THE Department of Finance (DoF) said National Government (NG) revenue performance, as a proportion of gross domestic product (GDP), would place the Philippines at around the median of the Association of Southeast Asian Nations (ASEAN).

In a statement on Monday, the director of the DoF’s Domestic Finance Group, Rowena S. Sta. Clara, was quoted as saying in a report to a recent meeting of the DoF executive committee that the average revenue effort of the Duterte administration between 2016 and 2021 was 15.6% of GDP, the highest in over 20 years.

The DoF said the improved revenue levels were posted despite restrictions imposed during the various stages of the pandemic.

The report used data from the International Monetary Fund, which forecast the revenue effort of other ASEAN members. Philippine data were taken from the Cash Operations Report of the Bureau of the Treasury, Ms. Sta. Clara said.

Brunei tops the list with a revenue effort of 19.1%, followed by Singapore’s 18.7% and Thailand’s 17%. Malaysia and Indonesia’s revenue efforts are projected at 14.3% and 11.8%, respectively.

All data, except for the Philippines and Indonesia, are forecasts.

On the expenditure side, the Philippines was second in ASEAN with P4.7 trillion or 24.1% of GDP, Ms. Sta. Clara said.

She also noted that the 10.6% growth in NG expenditure in 2020 and 2021 was a result of infrastructure and other capital spending, spending for pandemic recovery measures, equity infusions in support of the government’s lending programs, and spending on personal services, which has increased to 30% of NG expenditures in the past decade.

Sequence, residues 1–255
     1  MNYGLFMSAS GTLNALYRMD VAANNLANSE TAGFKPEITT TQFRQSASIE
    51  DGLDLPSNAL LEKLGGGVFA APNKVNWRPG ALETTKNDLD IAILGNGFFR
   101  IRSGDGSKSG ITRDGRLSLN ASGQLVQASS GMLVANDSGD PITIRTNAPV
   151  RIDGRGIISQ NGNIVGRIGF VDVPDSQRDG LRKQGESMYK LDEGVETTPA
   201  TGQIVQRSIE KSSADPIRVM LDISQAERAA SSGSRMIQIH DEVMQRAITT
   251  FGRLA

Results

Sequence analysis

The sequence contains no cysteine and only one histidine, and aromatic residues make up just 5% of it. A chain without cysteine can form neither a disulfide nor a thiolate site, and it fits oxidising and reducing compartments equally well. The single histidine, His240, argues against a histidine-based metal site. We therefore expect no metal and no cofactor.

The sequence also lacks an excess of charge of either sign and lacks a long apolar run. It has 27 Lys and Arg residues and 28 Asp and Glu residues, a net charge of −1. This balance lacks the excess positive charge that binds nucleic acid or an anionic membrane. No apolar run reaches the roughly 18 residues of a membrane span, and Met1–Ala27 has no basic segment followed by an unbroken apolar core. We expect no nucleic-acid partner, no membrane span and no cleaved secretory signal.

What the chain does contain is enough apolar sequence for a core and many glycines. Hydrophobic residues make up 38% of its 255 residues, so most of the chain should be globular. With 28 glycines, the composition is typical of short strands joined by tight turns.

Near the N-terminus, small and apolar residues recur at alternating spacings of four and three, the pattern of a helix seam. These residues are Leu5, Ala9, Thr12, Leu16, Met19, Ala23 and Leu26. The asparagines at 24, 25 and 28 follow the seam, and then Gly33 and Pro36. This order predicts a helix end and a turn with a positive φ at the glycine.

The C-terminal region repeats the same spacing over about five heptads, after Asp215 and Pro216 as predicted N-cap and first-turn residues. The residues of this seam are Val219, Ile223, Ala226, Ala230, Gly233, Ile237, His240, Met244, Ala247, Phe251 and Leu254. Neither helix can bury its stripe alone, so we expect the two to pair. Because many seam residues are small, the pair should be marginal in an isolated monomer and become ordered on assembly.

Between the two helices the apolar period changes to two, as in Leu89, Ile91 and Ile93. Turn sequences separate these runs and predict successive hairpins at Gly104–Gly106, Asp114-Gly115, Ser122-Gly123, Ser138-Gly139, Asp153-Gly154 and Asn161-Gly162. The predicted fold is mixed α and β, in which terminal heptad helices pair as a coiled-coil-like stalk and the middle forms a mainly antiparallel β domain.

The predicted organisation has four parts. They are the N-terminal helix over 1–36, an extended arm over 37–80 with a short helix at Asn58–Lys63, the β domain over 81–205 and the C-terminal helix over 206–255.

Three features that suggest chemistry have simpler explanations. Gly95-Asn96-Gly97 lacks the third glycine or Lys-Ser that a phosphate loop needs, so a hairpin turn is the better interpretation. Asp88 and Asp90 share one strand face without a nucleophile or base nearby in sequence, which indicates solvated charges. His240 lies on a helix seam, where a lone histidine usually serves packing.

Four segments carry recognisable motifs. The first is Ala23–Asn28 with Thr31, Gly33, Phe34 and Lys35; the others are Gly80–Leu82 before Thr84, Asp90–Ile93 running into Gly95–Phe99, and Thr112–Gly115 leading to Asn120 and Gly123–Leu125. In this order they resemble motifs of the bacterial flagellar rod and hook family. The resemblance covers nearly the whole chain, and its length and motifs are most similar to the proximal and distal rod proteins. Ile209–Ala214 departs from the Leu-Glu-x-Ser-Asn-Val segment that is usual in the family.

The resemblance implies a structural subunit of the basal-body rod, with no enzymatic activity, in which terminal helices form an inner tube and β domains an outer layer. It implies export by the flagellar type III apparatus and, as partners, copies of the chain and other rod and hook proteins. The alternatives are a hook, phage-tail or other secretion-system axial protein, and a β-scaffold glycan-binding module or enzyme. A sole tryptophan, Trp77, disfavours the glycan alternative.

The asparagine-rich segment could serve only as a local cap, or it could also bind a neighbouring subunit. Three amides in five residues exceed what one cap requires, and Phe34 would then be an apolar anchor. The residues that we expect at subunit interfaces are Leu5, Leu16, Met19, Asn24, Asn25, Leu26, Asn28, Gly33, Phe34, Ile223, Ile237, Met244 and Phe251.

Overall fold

Brunei had an expenditure-to-GDP ratio of 28.4%, while Singapore was third at 21.1%.

All six ASEAN countries posted budget deficits in 2021. The Philippine deficit was second-largest at 8.6% of GDP, topped only by Brunei at 9.3%. Malaysia came in third at 6.4%.

During the Development and Budget Coordination Committee’s 181st meeting on May 24, the target deficit-to-GDP ratio for this year was set at 7.6%, easing to 6.1% in 2023.

NG debt rose to a record P12.76 trillion in April, due to COVID-19-related borrowing and to support the economic recovery.

The DoF has said that debt would have been much higher at P15.4 trillion in 2022, had it not blocked revenue-eroding measures and scaled back COVID-19 stimulus bills. These would have led to additional spending amounting to P2.2 trillion, had these measures been passed by Congress. — Tobias Jared Tomas